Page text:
Kudos to Laser Induced Breakdown Spectroscopy (LIBS)!
LIBS, powerful spectroscopic technology for elemental analysis, has done something that no other technologies have done before – land on Mars and help the Earth understand the chemical composition of the rocks, minerals, and soil of another planet.
LIBS technology has been deployed on Mars aboard of the Mars Science Laboratory Rover Curiosity since August 2012. The LIBS instrument, named ChemCam, consists of several integrated modules. ChemCam’s laser, telescope and remote micro-imager are mounted on top of the mast as part of a sophisticated package that also includes a stereo pair of navigation cameras and two science imaging cameras with different focal lengths and color filters. ChemCam’s three-channel optical spectrometer, CCD detectors, digital processor and electronics are located inside the rover body.
ChemCam has been highly successful on Mars since its first LIBS spectrum acquired from a fist-sized rock named “Coronation” on August 19, 2012. Since then LIBS has worked for more than 2 hours on every other Mars day (sol). By now, Curiosity has acquired almost 200,000 LIBS spectra from about 1,500 individual target locations. ChemCam is designed to perform rapid elemental analysis of rocks and soils remotely within a nominal distance around the rover of 7 meters.
The remote characterization capability of LIBS has been used for the direct analysis of a plethora of samples without the need to move the rover. It also serves to identify interesting samples for further investigation by contact and ingestion instruments. For the latter, the rover must drive toward the target to position itself in a close proximity, within a range of its articulated arm. Accordingly, the ChemCam data facilitates operational decisions of where the rover should be driven.
ChemCam can take thousands LIBS spectra per day, thus making chemical analyses on the surface of Mars with unprecedented speed. Due to the simplicity of its remote operation, ChemCam has become the most frequently used chemical instrument on the rover.
In contrast, difficulties of mass spectrometer operations on Mars have been dreadful. The Phoenix spacecraft struggled for several days to enter a sample into its mass spectrometer oven. Curiosity’s mass spectrometer SAM can analyze only 68 samples within its entire lifetime because the sample manipulation system has limited number of quartz cups for sample introduction.
The latest software update that Curiosity received from JPL will enable ChemCam to autonomously select and prioritize target samples, and to acquire LIBS measurements of them without any human command or interaction. This will certainly enhance the already great potential of LIBS for planetary exploration as well as in general for future terrestrial applications.
Analyzing real samples with LIBS on Mars requires multiple laser pulses. The first pulse usually returns the spectrum of the surface dust. Mars dust is highly mobile, omnipresent and generally uniform in composition everywhere on Mars.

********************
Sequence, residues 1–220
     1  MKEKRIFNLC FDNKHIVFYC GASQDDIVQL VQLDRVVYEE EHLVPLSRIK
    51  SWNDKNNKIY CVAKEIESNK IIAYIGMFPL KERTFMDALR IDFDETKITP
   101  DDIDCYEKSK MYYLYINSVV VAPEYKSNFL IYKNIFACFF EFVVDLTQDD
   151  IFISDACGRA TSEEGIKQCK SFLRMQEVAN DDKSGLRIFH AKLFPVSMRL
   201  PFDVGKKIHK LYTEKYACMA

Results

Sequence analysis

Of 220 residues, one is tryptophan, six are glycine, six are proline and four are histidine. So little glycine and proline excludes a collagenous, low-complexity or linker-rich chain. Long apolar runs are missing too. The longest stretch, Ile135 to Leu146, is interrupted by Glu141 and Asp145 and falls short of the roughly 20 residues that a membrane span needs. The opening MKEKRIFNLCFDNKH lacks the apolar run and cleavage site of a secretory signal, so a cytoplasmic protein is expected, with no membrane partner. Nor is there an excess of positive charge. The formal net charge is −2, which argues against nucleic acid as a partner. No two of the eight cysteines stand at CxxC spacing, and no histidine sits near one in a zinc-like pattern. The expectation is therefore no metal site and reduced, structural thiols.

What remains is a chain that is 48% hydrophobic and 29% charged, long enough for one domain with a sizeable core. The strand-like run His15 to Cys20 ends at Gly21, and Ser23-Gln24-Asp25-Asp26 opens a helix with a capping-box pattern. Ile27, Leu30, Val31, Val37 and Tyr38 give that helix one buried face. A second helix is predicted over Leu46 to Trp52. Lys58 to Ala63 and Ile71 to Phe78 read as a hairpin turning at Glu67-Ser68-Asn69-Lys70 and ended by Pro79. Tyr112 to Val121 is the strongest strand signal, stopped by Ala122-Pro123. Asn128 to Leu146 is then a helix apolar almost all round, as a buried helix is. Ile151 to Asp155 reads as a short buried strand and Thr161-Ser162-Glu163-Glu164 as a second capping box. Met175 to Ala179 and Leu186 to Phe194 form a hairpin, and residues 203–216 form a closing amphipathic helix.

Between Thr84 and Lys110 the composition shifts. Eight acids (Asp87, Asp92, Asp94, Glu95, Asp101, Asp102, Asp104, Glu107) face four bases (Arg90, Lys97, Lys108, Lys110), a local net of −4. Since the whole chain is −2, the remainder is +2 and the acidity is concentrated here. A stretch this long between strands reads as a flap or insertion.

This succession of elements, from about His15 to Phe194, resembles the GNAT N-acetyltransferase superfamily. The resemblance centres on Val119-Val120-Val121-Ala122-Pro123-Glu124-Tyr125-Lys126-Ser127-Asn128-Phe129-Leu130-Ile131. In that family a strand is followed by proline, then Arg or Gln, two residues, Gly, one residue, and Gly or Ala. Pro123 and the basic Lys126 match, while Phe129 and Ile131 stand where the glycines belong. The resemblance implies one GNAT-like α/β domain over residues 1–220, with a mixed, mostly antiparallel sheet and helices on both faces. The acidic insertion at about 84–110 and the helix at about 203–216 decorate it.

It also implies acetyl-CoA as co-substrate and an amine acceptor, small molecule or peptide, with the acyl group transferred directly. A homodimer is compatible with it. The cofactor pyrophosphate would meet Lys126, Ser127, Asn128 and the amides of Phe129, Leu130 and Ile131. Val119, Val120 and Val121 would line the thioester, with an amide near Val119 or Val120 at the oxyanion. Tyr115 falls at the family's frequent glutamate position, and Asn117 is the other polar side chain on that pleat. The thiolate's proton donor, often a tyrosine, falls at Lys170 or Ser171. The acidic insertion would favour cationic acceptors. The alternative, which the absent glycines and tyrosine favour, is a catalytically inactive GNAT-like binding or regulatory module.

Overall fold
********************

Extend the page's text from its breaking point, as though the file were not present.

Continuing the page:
Therefore, the selected emission lines in the Mars dust spectra have been used as a proxy spectroscopic standard to correct ChemCam spectra for differences caused by target range variations. Usually, the dust is fully removed by the first 5 pulses. Then a clean, dust-free target is investigated using multiple laser pulses to collect spectra for depth profiling and statistical analysis.
ChemCam’s focused laser beam (300‒550 μm in diameter) enables targeting of both large and very fine-scale geological features. ChemCam has the smallest analytical spot size among all other planetary chemical instruments, allowing individual mineral grains to be observed for the first time. At the same time, rasterizing LIBS measurements over the sample surface provide data for comparison to other instruments with larger analytical footprints.
LIBS on ChemCam identified multiple igneous rocks with mafic or felsic minerals. The analyzed soils were found to have local variations and original signatures resulting from the mixing of particles with different sizes and compositions.
Minor and trace elements included Li, Rb, Sr, Ba, Cr, Mn, Ni, and Zn in a range from a few ppm to 0.1‒1 wt%. They were quantified using emission intensities of the respective metallic elements. ChemCam also found hydrogen, and nonmetallic elements C, O, P, and S. Halogens (F, Cl) were observed through their molecular bands.
Currently on Mars, Curiosity carries on investigation of geological layers of lower Mount Sharp and will continue to climb up the mountain. More LIBS data from ChemCam will certainly be obtained and analyzed. Meanwhile, at least two more Mars missions with LIBS on board are being planned: the NASA Mars 2020 and the ESA–Roscosmos ExoMars 2020. These exciting developments will ultimately result in similar LIBS systems designed for practical applications on Earth.
Since its first demonstration in 1964 based on a bulky, Q-switched ruby laser, LIBS technology has advanced a long way. Today, based on compact and reliable lasers and spectrometers, LIBS has become a routine elemental analysis technique for a wide range analytical applications that include metal, plastic, soil, energy storage material, thin film, nuclear material, and forensic sample analysis. Here on Earth, J200 LIBS instruments from Applied Spectra, Inc. are delivering fast, reliable, and high precision elemental analysis in many commercial laboratories.